I’m pretty sure that there was some treatment of infinite automata and/or infinite input strings in S. C. Kleene, “Representation of events in nerve nets and finite automata”, in Automata studies, ed. C. E. Shannon and J. McCarthy (Princeton: PUP, 1956), and V. M. Glushkov, “The abstract theory of automata”, Russian mathematical surveys: a translation of the survey articles and of selected biographical articles in Uspekhi matematicheskikh nauk 16 (1961). They are both kind of tough sledding, but I suppose I really ought to go back and read them carefully with an eye to this topic.

XML as a sort-of open format

[3 December 2009]

I just encountered the following statements in technical documentation for a family of products which I’ll leave nameless.

This document does not describe the complete XML schema for either [Application 1] or [Application 2]. The complete XML schema for both applications is not available and will not be made public.

Perhaps there can be good reasons for such a situation. Perhaps the developers really don’t know how to use any existing schema language to describe the set of documents they actually accept; perhaps only a Turing machine can actually identify set of documents accepted, and the developers were unwilling to work with a simpler set whose membership could be more cheaply decided. (Well, wait, those may be reasons, but they don’t actually qualify as “good”.)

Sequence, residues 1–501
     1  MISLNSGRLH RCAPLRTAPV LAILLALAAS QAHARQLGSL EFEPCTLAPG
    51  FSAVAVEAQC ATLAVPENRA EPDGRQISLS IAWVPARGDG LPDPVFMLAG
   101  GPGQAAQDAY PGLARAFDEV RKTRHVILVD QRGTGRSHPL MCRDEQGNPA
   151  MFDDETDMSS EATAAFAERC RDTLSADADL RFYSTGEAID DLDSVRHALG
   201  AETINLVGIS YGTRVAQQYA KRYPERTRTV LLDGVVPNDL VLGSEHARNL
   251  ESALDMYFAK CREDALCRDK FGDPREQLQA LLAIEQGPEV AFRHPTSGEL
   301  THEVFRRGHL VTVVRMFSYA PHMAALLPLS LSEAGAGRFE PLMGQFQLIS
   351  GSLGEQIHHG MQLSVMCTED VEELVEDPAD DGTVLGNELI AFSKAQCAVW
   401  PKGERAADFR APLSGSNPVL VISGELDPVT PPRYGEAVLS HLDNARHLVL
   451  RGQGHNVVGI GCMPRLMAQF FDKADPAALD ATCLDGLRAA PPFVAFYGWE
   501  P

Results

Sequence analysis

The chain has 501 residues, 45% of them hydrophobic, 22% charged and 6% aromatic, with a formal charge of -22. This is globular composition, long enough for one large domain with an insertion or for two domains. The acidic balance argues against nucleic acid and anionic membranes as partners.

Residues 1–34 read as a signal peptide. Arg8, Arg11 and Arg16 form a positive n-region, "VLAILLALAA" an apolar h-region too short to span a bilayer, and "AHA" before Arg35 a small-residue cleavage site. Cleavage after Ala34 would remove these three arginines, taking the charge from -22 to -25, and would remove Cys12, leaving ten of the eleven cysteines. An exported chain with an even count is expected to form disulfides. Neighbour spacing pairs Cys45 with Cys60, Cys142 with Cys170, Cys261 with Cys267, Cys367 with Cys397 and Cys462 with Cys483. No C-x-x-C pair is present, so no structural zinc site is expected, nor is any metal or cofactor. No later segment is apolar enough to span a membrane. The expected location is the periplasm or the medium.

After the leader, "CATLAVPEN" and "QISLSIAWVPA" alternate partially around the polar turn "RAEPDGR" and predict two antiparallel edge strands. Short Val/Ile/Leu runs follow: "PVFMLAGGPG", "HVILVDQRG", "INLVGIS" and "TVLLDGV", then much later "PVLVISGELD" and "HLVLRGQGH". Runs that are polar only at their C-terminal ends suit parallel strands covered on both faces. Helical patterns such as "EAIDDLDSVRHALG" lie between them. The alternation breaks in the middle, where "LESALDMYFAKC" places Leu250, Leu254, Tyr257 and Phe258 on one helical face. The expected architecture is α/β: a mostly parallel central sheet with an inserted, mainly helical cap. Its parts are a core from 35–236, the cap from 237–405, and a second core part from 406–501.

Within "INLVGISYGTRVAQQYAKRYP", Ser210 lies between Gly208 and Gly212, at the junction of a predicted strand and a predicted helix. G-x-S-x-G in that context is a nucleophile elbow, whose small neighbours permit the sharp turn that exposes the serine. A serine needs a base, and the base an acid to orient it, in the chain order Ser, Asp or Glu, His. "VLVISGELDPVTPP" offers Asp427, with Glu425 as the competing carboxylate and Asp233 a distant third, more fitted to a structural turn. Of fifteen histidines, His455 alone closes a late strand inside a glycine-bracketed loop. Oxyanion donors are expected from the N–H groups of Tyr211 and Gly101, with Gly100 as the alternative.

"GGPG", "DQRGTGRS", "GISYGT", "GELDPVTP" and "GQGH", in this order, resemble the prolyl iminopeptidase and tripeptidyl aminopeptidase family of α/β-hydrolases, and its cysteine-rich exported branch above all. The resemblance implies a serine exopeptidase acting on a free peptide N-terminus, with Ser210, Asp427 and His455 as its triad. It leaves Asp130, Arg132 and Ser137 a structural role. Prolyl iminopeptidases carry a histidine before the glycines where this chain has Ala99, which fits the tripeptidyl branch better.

I wonder whether this is an insidious attempt to look like the products have an open format (See? it’s XML! How much more open can you get?) while ensuring that the commercial products in question remain the only arbiters of acceptable documents? Or whether the programmers in question were just too lazy to specify a clean vocabulary and ensure that their software handles all documents which meet some standard of validity that does not require Turing completeness?

Having a partially defined XML format is, at least for me, still a great deal more convenient than having the format be binary and completely undocumented. But it certainly seems to fall a long distance short of what XML could make possible.